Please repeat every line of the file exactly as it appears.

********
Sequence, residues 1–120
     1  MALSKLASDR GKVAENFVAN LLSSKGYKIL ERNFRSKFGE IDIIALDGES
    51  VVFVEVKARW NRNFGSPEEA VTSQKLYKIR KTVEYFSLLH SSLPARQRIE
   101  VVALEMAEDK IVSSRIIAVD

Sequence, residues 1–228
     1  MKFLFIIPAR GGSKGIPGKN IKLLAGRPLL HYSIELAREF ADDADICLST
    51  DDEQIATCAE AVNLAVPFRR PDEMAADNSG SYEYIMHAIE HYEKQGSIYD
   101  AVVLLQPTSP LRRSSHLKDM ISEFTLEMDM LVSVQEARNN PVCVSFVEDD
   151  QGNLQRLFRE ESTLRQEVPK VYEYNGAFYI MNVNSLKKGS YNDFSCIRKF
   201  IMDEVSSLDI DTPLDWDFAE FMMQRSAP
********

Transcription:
Sequence, residues 1–120
     1  MALSKLASDR GKVAENFVAN LLSSKGYKIL ERNFRSKFGE IDIIALDGES
    51  VVFVEVKARW NRNFGSPEEA VTSQKLYKIR KTVEYFSLLH SSLPARQRIE
   101  VVALEMAEDK IVSSRIIAVD

Sequence, residues 1–228
     1  MKFLFIIPAR GGSKGIPGKN IKLLAGRPLL HYSIELAREF ADDADICLST
    51  DDEQIATCAE AVNLAVPFRR PDEMAADNSG SYEYIMHAIE HYEKQGSIYD
   101  AVVLLQPTSP LRRSSHLKDM ISEFTLEMDM LVSVQEARNN PVCVSFVEDD
   151  QGNLQRLFRE ESTLRQEVPK VYEYNGAFYI MNVNSLKKGS YNDFSCIRKF
   201  IMDEVSSLDI DTPLDWDFAE FMMQRSAP